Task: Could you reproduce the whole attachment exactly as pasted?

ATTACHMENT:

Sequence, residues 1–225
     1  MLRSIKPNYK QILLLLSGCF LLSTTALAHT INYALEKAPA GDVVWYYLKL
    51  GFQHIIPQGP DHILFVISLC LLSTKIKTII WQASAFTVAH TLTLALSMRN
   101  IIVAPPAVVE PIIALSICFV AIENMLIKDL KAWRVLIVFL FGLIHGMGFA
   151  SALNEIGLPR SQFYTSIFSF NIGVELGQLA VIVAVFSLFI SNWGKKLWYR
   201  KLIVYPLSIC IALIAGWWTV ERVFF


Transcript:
Sequence, residues 1–225
     1  MLRSIKPNYK QILLLLSGCF LLSTTALAHT INYALEKAPA GDVVWYYLKL
    51  GFQHIIPQGP DHILFVISLC LLSTKIKTII WQASAFTVAH TLTLALSMRN
   101  IIVAPPAVVE PIIALSICFV AIENMLIKDL KAWRVLIVFL FGLIHGMGFA
   151  SALNEIGLPR SQFYTSIFSF NIGVELGQLA VIVAVFSLFI SNWGKKLWYR
   201  KLIVYPLSIC IALIAGWWTV ERVFF